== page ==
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The Ruff Report: Dogs and Health


New era dawns in canine cancer treatment; 
drug developed specifically for use in dogs

The first drug developed specifically for cancer in dogs is being hailed as "an important step forward for veterinary medicine" and the ushering in of a new era in canine cancer treatment.Palladia has been approved by the U.S. Food and Drug Administration for treatment of mast cell tumors, a skin-based cancer that can be lethal if it penetrates below the skin and spreads to lymph nodes and other body parts. Mast cell tumors are the second most common tumor in dogs, according to Pfizer Animal Health, maker of the drug.

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"This cancer drug approval for dogs is an important step forward for veterinary medicine," Bernadette Dunham, director of FDA's Center for Veterinary Medicine, states in a media release. "Prior to this approval, veterinarians had to rely on human oncology drugs, without knowledge of how safe or effective they would be for dogs. Today's approval offers dog owners, in consultation with their veterinarian, an option for treatment of their dog's cancer."
All cancer drugs now used in veterinary medicine originally were developed for use in humans and are used in animals in an “extra-label” manner as allowed by the Animal Medicinal Drug Use Clarification Act of 1994.

The Morris Animal Foundation of Denver - which has launched a global campaign to raise $30 million money to find a cure for cancer in dogs in the next 10 to 20 years - says one in four dogs die of cancer, and the disease is the number one cause of death in dogs over age 2. Some of the most popular breeds are especially susceptible to cancer. Sixty percent of Golden Retrievers die of the disease.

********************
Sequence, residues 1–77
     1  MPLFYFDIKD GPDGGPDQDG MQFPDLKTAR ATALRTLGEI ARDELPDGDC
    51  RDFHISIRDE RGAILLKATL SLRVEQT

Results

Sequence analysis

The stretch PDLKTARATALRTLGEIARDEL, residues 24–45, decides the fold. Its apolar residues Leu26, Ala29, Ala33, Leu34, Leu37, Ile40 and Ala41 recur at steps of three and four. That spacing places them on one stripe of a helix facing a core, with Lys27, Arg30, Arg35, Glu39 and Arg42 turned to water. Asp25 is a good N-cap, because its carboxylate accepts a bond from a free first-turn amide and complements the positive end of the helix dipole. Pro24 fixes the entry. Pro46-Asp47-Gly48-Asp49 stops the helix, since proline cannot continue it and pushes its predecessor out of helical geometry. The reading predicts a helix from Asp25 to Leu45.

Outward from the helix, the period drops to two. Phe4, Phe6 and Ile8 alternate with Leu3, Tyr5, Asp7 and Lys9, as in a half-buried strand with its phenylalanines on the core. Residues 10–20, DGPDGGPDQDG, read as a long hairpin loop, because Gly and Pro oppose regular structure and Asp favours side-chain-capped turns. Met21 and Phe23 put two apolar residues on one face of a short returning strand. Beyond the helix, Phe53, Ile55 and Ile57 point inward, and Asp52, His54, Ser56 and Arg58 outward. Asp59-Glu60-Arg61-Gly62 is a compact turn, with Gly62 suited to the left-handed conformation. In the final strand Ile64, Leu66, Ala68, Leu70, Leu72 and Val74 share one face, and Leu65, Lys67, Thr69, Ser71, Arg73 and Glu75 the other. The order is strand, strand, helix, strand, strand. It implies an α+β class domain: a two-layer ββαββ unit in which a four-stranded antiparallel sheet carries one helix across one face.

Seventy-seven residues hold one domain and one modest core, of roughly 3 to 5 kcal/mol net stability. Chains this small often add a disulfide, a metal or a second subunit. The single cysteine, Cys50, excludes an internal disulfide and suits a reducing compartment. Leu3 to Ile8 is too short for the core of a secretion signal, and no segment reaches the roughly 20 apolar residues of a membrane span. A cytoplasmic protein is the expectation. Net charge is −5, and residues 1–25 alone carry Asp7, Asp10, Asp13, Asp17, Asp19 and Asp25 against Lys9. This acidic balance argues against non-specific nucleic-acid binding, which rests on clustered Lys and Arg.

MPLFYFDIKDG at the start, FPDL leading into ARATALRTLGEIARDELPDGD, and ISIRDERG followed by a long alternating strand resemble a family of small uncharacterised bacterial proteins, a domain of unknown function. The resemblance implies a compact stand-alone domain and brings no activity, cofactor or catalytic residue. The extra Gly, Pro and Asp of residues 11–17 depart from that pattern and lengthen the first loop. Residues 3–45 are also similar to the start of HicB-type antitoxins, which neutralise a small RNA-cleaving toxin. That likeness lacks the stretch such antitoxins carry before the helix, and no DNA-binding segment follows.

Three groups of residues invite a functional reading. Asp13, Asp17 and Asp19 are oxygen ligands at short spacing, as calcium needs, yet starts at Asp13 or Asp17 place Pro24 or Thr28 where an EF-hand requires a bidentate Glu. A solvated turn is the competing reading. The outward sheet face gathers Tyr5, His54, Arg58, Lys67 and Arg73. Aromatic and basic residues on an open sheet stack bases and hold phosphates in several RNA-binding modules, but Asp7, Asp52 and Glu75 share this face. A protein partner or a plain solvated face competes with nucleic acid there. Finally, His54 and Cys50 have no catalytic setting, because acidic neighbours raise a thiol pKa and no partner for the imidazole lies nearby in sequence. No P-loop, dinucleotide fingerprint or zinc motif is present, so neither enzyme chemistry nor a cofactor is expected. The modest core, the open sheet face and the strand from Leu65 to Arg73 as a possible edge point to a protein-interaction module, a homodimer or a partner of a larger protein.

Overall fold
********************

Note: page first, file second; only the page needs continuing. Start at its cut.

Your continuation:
Pfizer estimates 1.2 million new canine cancer cases are reported in the United States every year.

Mast cell tumors often appear as small, insignificant lumps in the skin, but they can be a serious form of cancer in dogs, according to the FDA. Some mast cell tumors can be easily surgically removed without the development of further problems, while others can lead to life-threatening disease if left untreated.Palladia (toceranib phosphate) is a tyrosine kinase inhibitor and works by killing tumor cells and cutting off the blood supply to the tumor. The drug, an oral medication, has been approved to treat the tumors with or without regional lymph node involvement. The most common side effects are diarrhea, decrease or loss of appetite, lameness, weight loss and blood in the stool.

“Palladia is an exciting, new treatment option for dogs with mast cell tumors,” Cheryl London, a medical oncologist and associate professor at the Ohio State University College of Veterinary Medicine, states in a media release from the company. London has been helping Pfizer since 2000 in the development of the drug.

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Adjustments also should be made based on an animal's health, Dr. Murray said. "A veterinarian must always be consulted before using spot-on flea and tick treatments on very young, old, sick or pregnant pets."

A clinical study found that approximately 60 percent of dogs had their tumors disappear, shrink or stop growing, Dr. London said. "Also, we determined that dogs whose tumors responded to Palladia experienced an improved quality of life.”

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